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I live in the south. Lettuce does well during the cool months and tastes good. butt he problem is that it bolts quickly and turns bitter when it gets warm.

My question is this- does growing lettuce in a water-based system like AP keep the plant cool enough to prevent or retard bolting and the bitterness?

I figured the water temp would be lower than air temp but did not know how this would translate to the plant.

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Unfortunately cool weather crops like cool weather and I don't think that AP grown cool weather crops will be different. However, there are some varieties that do better in the heat. For lettuce I have found that "black seeded Simpson", and "slobolt" lettuces do better in the heat. Also try "america" spinach. Another tip is to give them some shade in the heat, if you shade them from the midday sun, say with some other heat loving plants, they tend to be less bitter, and slower to bolt. On the bright side you could grow heat loving plants like eggplant and peppers very well. Also most herbs, basil, oregano and mint tend to do better in the heat than other "greens"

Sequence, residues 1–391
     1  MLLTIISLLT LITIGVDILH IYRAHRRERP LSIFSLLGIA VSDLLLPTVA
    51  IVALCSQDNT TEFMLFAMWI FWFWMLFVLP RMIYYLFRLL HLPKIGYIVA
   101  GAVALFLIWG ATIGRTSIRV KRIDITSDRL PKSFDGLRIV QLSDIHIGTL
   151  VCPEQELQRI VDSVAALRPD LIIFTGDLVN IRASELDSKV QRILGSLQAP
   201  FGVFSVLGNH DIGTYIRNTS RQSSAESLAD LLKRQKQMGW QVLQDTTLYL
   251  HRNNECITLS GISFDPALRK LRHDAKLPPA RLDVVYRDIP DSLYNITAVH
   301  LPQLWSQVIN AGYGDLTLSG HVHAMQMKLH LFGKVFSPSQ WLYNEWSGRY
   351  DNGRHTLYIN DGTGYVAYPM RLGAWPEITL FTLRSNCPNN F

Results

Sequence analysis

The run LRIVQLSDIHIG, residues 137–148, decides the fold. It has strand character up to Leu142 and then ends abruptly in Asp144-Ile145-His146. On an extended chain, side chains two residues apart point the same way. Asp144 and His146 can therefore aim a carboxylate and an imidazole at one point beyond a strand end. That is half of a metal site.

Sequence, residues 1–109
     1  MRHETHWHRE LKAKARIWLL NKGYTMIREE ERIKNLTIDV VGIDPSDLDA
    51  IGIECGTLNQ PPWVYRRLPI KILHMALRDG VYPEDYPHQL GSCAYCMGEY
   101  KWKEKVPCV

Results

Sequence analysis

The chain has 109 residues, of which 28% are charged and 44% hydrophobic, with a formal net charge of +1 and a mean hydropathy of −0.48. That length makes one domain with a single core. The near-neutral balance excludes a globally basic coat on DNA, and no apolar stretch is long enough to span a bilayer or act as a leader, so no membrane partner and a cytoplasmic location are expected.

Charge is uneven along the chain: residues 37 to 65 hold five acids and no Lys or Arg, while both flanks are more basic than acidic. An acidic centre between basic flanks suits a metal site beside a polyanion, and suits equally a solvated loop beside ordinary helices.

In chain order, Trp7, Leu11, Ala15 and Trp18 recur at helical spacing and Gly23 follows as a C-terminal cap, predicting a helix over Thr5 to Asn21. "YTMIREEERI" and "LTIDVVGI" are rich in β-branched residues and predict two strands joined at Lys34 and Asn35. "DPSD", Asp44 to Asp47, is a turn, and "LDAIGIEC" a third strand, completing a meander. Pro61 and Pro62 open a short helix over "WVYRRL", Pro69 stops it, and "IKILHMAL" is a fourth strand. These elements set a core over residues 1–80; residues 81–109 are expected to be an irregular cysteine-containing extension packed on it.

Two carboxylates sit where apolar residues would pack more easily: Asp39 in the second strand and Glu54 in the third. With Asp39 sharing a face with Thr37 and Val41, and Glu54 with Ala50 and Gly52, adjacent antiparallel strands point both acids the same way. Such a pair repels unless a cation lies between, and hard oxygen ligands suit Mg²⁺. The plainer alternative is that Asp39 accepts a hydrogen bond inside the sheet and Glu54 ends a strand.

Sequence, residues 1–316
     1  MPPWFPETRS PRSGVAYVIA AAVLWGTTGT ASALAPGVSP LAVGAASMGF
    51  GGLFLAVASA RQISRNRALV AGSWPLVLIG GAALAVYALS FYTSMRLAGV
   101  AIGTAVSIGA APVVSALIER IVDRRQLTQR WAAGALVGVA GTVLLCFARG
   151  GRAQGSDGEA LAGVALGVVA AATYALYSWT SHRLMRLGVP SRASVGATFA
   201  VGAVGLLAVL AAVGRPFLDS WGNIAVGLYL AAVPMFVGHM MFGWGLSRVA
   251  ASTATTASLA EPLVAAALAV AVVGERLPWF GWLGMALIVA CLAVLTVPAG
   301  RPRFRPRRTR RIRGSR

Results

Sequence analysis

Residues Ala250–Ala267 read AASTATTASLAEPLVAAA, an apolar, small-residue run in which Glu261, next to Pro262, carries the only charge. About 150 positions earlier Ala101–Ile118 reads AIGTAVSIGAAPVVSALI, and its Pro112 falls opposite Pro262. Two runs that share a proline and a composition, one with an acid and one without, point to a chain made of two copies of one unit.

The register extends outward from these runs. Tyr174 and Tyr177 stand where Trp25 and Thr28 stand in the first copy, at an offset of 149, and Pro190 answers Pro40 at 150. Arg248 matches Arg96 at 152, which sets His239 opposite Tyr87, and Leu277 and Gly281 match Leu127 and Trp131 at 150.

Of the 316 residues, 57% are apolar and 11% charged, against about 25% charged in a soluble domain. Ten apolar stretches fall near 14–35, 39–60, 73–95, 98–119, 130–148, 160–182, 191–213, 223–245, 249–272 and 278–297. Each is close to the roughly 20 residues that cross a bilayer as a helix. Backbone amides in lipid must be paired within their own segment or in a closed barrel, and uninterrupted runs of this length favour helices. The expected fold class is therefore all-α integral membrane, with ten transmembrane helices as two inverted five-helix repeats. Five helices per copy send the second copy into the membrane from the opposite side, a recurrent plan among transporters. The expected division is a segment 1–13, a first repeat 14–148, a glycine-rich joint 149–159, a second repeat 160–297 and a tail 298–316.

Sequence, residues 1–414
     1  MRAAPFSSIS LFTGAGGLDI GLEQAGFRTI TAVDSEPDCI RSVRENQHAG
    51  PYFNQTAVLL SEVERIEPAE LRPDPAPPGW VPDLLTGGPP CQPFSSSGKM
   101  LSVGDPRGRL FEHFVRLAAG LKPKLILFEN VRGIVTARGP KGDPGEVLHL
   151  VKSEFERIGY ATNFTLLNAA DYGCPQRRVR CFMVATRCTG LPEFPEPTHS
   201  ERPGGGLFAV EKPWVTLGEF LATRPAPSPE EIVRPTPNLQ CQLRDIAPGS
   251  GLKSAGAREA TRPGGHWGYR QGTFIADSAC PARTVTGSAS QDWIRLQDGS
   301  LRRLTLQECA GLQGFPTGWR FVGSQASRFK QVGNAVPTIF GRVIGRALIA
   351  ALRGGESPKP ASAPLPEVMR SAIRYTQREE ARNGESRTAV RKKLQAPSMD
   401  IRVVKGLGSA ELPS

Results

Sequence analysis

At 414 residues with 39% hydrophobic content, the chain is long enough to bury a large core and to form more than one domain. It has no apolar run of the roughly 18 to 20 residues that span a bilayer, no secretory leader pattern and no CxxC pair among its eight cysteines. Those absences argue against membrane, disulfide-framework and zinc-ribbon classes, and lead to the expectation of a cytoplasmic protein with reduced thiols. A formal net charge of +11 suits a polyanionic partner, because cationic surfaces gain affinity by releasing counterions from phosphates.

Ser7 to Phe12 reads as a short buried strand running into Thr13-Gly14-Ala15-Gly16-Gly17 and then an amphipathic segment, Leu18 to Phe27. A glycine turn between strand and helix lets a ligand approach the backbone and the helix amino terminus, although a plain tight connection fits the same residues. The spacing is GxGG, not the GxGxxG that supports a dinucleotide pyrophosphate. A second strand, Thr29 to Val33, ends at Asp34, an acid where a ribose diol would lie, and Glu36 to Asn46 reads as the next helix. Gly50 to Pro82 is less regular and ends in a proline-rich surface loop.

Oak Leaf lettuces do well in warmer weather. Also, harvesting sooner than it says on the package is a good idea for all lettuces in warm weather. The leaves are a bit smaller, but better tasting.

That's what I needed to know. I grow the  plants you guys suggested. (in the dirt garden).

I was just hoping I could keep the cool weather crops and have something others did not have at the local farmer's market this next season. I've only produced stuff for my own family in the past but was thinking about ramping up production if I could make some cash.

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